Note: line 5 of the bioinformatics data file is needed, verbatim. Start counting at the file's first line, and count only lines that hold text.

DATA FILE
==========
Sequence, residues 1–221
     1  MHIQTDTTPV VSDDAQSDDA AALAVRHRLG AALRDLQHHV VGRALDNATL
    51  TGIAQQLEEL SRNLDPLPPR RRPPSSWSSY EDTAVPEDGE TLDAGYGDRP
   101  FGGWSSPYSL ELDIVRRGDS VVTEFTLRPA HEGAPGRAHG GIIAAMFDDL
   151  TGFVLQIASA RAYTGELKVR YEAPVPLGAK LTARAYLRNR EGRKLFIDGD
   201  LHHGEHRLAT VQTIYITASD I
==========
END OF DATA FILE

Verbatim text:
   151  TGFVLQIASA RAYTGELKVR YEAPVPLGAK LTARAYLRNR EGRKLFIDGD